Credit Andrew J. Mackay, data help from Todd Lu.
Credit Andrew J. Mackay, data help from Todd Lu.

What we have been getting is less funding from the state, run by a Democratic Party that pays lip service to funding education but lacks the teeth to pay for it. At the same time of the rising tuition, larger classes, and more crowded student housing, pricey senior administration is rising faster than the student body. The UCSD Chancellor, Pradeep Khosla, makes about $450,000 plus rent subsidy and expenses. And corners are cut at every turn- UCSD has replaced most tenured faculty hiring with adjuncts, who work a similar amount but can’t participate in research and get paid half as much.

Credit Andrew J. Mackay, data help Todd Lu.
Credit Andrew J. Mackay, data help Todd Lu.

Higher education is a right. Free tuition is a path to a better, smarter, healthier society.

The bullshit economy

Attendants at a Chinese conference in November, 2013.
Attendants at a Chinese conference in November, 2013.

I was introduced to anthropologist David Graeber’s 2013 magazine feature “On the Phenomenon of Bullshit Jobs” today. It’s an excellent example of academic writing cutting to the chase (philosopher Harry G. Frankfurt did a similar thing with his pamphlet “On Bullshit“), and gets at the core mystery of the post-industrial world. Wasn’t industrialization and automation supposed to make our lives easier, and give us more spare time? Graeber points out that a four-hour workday is totally feasible, but the reasons that so many administrative jobs have grown to replace manufacturing is social control.

As he concludes:

If someone had designed a work regime perfectly suited to maintaining the power of finance capital, it’s hard to see how they could have done a better job. Real, productive workers are relentlessly squeezed and exploited. The remainder are divided between a terrorised stratum of the – universally reviled – unemployed and a larger stratum who are basically paid to do nothing, in positions designed to make them identify with the perspectives and sensibilities of the ruling class (managers, administrators, etc) – and particularly its financial avatars – but, at the same time, foster a simmering resentment against anyone whose work has clear and undeniable social value.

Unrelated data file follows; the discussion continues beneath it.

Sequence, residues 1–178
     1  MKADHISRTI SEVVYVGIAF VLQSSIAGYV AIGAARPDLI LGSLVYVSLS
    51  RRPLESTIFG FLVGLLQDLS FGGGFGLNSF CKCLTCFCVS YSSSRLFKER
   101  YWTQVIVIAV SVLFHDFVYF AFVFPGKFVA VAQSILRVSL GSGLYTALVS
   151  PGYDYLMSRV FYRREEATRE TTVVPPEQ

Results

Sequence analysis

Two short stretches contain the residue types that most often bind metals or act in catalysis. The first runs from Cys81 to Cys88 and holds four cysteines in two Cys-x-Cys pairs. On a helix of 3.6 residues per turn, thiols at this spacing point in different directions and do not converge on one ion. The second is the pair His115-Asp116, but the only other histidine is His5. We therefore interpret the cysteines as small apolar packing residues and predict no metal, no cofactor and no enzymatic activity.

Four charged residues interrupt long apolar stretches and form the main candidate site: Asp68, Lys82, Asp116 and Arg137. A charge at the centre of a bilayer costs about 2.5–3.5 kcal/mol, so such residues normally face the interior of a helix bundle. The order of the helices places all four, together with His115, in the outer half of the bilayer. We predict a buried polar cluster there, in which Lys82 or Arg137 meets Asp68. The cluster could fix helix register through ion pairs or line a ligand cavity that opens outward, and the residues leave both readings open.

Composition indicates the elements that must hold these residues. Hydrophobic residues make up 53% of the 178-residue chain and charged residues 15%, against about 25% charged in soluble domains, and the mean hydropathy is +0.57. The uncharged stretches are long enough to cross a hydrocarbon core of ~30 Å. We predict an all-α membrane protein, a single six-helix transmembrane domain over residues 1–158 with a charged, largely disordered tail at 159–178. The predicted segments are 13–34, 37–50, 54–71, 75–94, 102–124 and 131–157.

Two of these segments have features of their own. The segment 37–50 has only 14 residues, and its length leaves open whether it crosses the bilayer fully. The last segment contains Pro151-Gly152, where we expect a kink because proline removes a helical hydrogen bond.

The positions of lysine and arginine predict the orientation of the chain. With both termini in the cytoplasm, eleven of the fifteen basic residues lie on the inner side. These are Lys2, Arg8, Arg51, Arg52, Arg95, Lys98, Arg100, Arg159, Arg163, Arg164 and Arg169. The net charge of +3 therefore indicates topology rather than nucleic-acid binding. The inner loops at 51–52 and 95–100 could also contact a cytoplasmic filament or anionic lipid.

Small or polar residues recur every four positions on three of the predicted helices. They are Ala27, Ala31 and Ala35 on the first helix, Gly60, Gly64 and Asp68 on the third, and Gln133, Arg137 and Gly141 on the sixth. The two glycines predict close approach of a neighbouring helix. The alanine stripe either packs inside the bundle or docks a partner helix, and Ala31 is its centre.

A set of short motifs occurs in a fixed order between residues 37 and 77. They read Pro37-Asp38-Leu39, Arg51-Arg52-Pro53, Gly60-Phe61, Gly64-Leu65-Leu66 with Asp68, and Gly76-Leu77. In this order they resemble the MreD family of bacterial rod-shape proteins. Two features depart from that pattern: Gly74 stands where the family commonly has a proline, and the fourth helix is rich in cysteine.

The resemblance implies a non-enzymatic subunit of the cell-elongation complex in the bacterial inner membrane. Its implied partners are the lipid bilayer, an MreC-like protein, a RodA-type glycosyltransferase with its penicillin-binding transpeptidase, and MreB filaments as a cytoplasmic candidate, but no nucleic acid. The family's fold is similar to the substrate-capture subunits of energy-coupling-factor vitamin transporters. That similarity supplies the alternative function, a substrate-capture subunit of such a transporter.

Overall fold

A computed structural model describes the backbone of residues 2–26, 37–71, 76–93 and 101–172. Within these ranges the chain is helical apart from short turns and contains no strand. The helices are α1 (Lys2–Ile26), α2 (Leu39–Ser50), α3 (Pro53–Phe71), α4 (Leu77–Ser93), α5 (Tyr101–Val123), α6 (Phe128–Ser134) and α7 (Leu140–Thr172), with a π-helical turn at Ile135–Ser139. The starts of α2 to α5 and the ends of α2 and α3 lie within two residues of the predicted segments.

His example of the London transit strike reminded me of the BART strikes in the San Francisco Bay Area in late 2013. People of all economic stratums despised the BART workers for striking, and some of that may have stemmed from a sense of powerlessness that some usual riders have. Many people commuting in the Bay have these administrative or service jobs, many non-unionized and without tangible function. BART workers can shut down a transit system, their labor has great power. An increasing portion of people don’t have that efficacy. The end result, as Graeber says, are the ‘bullshit jobs’ workers turning against the remaining non-bullshit jobs workers- sparing the elite the trouble. Divide and conquer. Historically racism was used to pit working-class populations against one another, now this split in job function is the newest flavor.

Soviet economy has always been lampooned for its inefficiency, but it’s clear that 21st century capitalism has much in common when it comes to redundancy and busywork. I would forward that because capitalism has created great inequality and is by its nature unfair, any society with time to have an honest audit of the economic system would ditch capitalism and replace it with something else. So though many people have been replaced by machines and there is not a value-added reason for many jobs, keeping people busy prevents organization, reform, and if needed, revolution. Bullshit jobs are a self-defense mechanism, because those that benefit from capitalism value above all the maintenance of the economic system.